At the direction of Chief Justice Maureen O’Connor, court personnel met with concerned parties last year to discuss how Ohio judges and those in other states handle the shackling of juveniles during court appearances. A survey found that it happens far more frequently in Ohio than elsewhere.
As a result, the Supreme Court adopted a rule creating “a presumption against shackling” but not an outright ban. It takes effect July 1.
Individual courts can still use restraints if a judge or magistrate thinks a juvenile’s behavior poses a threat or if he or she is a flight risk.
The American Civil Liberties Union of Ohio called the new rule “a major victory” in reforming the Ohio juvenile justice system.
“Juvenile courts are supposed to have a mission to rehabilitate, but shackling a child for no reason only inflicts trauma on them,” said Shakyra Diaz, ACLU policy manager. “This rule will finally require that each child has an individualized assessment before a court decides whether they should be shackled. Ending automatic shackling assures that children receive the same due process protection in courts as adults. This rule allows them to appear in court in a dignified manner, free of restraints.”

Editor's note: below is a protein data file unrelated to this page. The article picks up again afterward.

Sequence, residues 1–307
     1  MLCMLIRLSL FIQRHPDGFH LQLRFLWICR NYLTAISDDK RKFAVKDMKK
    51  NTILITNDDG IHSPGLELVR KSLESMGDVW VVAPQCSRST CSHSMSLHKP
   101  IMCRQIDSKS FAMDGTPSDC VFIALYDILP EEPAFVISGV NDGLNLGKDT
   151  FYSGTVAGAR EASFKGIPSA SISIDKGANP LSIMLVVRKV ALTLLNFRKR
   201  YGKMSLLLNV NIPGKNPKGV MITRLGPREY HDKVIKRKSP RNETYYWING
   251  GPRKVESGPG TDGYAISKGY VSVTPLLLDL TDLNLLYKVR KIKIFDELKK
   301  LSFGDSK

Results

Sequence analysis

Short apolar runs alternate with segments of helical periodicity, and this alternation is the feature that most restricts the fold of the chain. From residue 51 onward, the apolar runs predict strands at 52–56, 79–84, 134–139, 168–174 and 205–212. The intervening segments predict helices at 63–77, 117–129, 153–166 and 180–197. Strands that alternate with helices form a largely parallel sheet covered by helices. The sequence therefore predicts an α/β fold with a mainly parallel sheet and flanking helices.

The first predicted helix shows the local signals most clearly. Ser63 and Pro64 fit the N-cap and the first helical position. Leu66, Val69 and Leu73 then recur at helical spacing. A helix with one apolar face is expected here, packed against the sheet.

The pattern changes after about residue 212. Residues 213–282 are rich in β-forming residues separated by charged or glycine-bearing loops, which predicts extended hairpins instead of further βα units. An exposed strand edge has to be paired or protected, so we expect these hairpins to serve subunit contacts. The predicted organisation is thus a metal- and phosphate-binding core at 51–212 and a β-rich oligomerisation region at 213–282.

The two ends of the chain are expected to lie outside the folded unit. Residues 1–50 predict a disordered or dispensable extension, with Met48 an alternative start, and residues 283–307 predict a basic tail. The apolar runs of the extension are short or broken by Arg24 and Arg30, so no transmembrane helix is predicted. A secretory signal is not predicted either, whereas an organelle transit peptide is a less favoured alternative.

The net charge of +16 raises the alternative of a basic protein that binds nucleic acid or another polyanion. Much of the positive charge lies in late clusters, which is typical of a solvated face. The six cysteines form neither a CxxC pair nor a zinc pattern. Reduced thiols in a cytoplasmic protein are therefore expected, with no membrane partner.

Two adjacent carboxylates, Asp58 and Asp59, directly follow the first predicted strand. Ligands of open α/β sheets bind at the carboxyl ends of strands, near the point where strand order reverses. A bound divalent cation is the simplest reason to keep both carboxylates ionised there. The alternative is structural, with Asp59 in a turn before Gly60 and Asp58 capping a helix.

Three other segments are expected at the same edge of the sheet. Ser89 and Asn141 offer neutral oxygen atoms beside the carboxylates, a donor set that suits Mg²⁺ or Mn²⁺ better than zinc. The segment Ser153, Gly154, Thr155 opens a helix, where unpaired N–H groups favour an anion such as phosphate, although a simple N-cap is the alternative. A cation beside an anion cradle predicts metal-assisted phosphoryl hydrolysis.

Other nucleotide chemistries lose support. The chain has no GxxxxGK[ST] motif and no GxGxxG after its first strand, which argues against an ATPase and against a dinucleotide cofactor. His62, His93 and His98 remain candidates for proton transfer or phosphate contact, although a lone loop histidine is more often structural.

Kim Brooks Tandy, executive director of the Children’s Law Center in Covington, Ky., called the new rule “an excellent step by the court to balance the need for safety and security against harm to the child by the restraints.”
“The shackling of youth in juvenile court proceedings has been widespread in Ohio, as well as in other states, without regard to the psychological and possible physical harm being done to the child. In the vast majority of instances, it is unnecessary for the safety of those in the courtroom or to minimize the risk of a youth attempting to flee,” Tandy said.
All Supreme Court justices agreed with the ruling except Justice Terrence O’Donnell.
“This rule will not affect the transfer of juvenile offenders into or out of the courtroom but only their appearance while in the courtroom,” he wrote in dissent. Some court officials “express concern for public safety, the possibility of escape, and the burden of holding additional hearings to make findings, which will add to an already busy docket, whenever a judge feels a necessity to make a record to overcome the presumption the court imposes in adopting this rule.”
The Ohio Judicial College will provide training to judges, magistrates and court employees on the new rule.